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  6. null (Ed.)
    Abstract Observations show that since the 1950s, the Southern Ocean has stored a large amount of anthropogenic heat and has freshened at the surface. These patterns can be attributed to two components of surface forcing: poleward-intensified westerly winds and increased buoyancy flux from freshwater and heat. Here we separate the effects of these two forcing components by using a novel partial-coupling technique. We show that buoyancy forcing dominates the overall response in the temperature and salinity structure of the Southern Ocean. Wind stress change results in changes in subsurface temperature and salinity that are closely related to intensified residual meridional overturning circulation. As an important result, we show that buoyancy and wind forcing result in opposing changes in salinity: the wind-induced surface salinity increase due to upwelling of saltier subsurface water offsets surface freshening due to amplification of the global hydrological cycle. Buoyancy and wind forcing further lead to different vertical structures of Antarctic Circumpolar Current (ACC) transport change; buoyancy forcing causes an ACC transport increase (3.1 ± 1.6 Sv; 1 Sv ≡ 10 6 m 3 s −1 ) by increasing the meridional density gradient across the ACC in the upper 2000 m, while the wind-induced response is more barotropic, with the whole column transport increased by 8.7 ± 2.3 Sv. While previous research focused on the wind effect on ACC intensity, we show that surface horizontal current acceleration within the ACC is dominated by buoyancy forcing. These results shed light on how the Southern Ocean might change under global warming, contributing to more reliable future projections. 
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  7. null (Ed.)
    ABSTRACT The depth-integrated vorticity budget of a global, eddy-permitting ocean/sea ice simulation over the Antarctic continental margin (ACM) is diagnosed to understand the physical mechanisms implicated in meridional transport. The leading-order balance is between the torques due to lateral friction, nonlinear effects, and bottom vortex stretching, although details vary regionally. Maps of the time-averaged depth-integrated vorticity budget terms and time series of the spatially averaged, depth-integrated vorticity budget terms reveal that the flow in the Amundsen, Bellingshausen, and Weddell Seas and, to a lesser extent, in the western portion of East Antarctica, is closer to an approximate topographic Sverdrup balance (TSB) compared to other segments of the ACM. Correlation and coherence analyses further support these findings, and also show that inclusion of the vorticity tendency term in the response (the planetary vorticity advection and the bottom vortex stretching term) increases the correlation with the forcing (the vertical net stress curl), and also increases the coherence between forcing and response at high frequencies across the ACM, except for the West Antarctic Peninsula. These findings suggest that the surface stress curl, imparted by the wind and the sea ice, has the potential to contribute to the meridional, approximately cross-slope, transport to a greater extent in the Amundsen, Bellingshausen, Weddell, and part of the East Antarctic continental margin than elsewhere in the ACM.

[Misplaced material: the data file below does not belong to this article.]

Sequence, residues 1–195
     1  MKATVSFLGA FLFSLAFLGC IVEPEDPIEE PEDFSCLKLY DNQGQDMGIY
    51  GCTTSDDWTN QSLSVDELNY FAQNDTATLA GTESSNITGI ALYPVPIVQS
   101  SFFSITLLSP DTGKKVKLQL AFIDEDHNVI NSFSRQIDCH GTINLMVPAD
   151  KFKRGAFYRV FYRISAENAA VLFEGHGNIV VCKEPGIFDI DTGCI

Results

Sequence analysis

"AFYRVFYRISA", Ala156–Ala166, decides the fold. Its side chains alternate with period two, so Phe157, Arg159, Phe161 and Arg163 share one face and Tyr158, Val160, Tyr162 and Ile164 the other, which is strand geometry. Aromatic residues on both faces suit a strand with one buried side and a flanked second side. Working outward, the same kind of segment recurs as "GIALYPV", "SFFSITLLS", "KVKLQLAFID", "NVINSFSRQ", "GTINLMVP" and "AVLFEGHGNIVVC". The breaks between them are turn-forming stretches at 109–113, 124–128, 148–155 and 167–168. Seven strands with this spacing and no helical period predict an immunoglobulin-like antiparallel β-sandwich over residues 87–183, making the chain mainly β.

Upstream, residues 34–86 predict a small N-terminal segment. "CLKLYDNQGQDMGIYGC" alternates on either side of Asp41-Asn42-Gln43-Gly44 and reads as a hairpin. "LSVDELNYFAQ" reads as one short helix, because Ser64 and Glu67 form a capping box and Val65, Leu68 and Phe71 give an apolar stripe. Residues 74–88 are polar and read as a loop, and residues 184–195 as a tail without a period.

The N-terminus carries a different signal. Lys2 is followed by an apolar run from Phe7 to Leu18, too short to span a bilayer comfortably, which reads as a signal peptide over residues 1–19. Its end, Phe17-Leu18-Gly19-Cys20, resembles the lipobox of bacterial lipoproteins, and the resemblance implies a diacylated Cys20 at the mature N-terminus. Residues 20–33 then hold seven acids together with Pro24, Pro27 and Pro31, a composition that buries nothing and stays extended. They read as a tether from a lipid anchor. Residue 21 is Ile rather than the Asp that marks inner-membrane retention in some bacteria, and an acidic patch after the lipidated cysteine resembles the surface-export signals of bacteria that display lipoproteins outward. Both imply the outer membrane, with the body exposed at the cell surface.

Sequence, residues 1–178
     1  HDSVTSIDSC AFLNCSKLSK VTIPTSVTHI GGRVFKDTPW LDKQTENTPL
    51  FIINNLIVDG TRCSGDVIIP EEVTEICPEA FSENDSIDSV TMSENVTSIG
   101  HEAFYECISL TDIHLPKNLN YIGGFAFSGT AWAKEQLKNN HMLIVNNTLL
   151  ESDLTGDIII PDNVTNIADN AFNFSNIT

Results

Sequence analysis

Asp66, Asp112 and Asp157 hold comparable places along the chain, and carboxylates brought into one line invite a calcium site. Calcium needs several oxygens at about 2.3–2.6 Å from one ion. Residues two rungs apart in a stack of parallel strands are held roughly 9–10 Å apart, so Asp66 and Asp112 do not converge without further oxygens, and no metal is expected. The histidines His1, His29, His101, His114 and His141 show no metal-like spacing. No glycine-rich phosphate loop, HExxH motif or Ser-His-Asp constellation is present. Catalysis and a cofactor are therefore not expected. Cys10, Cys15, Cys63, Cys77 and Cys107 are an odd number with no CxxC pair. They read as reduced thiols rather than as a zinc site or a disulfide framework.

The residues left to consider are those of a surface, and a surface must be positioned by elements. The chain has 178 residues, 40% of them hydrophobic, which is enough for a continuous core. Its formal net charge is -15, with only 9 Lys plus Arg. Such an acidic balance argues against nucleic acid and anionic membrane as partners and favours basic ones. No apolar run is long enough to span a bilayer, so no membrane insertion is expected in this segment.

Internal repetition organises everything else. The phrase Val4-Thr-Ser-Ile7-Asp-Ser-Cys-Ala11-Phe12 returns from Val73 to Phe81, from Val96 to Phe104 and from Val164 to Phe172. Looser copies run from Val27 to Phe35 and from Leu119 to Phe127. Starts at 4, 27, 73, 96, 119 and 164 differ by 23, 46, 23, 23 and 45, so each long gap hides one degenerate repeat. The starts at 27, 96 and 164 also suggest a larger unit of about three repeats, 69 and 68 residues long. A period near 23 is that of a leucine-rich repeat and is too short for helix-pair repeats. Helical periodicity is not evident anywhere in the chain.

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  8. null (Ed.)
    Abstract Proposals from multiple nations to deploy air–sea flux moorings in the Southern Ocean have raised the question of how to optimize the placement of these moorings in order to maximize their utility, both as contributors to the network of observations assimilated in numerical weather prediction and also as a means to study a broad range of processes driving air–sea fluxes. This study, developed as a contribution to the Southern Ocean Observing System (SOOS), proposes criteria that can be used to determine mooring siting to obtain best estimates of net air–sea heat flux ( Q net ). Flux moorings are envisioned as one component of a multiplatform observing system, providing valuable in situ point time series measurements to be used alongside satellite data and observations from autonomous platforms and ships. Assimilating models (e.g., numerical weather prediction and reanalysis products) then offer the ability to synthesize the observing system and map properties between observations. This paper develops a framework for designing mooring array configurations to maximize the independence and utility of observations. As a test case, within the meridional band from 35° to 65°S we select eight mooring sites optimized to explain the largest fraction of the total variance (and thus to ensure the least variance of residual components) in the area south of 20°S. Results yield different optimal mooring sites for low-frequency interannual heat fluxes compared with higher-frequency subseasonal fluxes. With eight moorings, we could explain a maximum of 24.6% of high-frequency Q net variability or 44.7% of low-frequency Q net variability. 
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  9. Wintertime surface ocean heat loss is the key process driving the formation of Subantarctic Mode Water (SAMW), but there are few direct observations of heat fluxes, particularly during winter. The Ocean Observatories Initiative (OOI) Southern Ocean mooring in the southeast Pacific Ocean and the Southern Ocean Flux Station (SOFS) in the southeast Indian Ocean provide the first concurrent, multiyear time series of air–sea fluxes in the Southern Ocean from two key SAMW formation regions. In this work we compare drivers of wintertime heat loss and SAMW formation by comparing air–sea fluxes and mixed layers at these two mooring locations. A gridded Argo product and the ERA5 reanalysis product provide temporal and spatial context for the mooring observations. Turbulent ocean heat loss is on average 1.5 times larger in the southeast Indian (SOFS) than in the southeast Pacific (OOI), with stronger extreme heat flux events in the southeast Indian leading to larger cumulative winter ocean heat loss. Turbulent heat loss events in the southeast Indian (SOFS) occur in two atmospheric regimes (cold air from the south or dry air circulating via the north), while heat loss events in the southeast Pacific (OOI) occur in a single atmospheric regime (cold air from the south). On interannual time scales, wintertime anomalies in net heat flux and mixed layer depth (MLD) are often correlated at the two sites, particularly when wintertime MLDs are anomalously deep. This relationship is part of a larger basin-scale zonal dipole in heat flux and MLD anomalies present in both the Indian and Pacific basins, associated with anomalous meridional atmospheric circulation.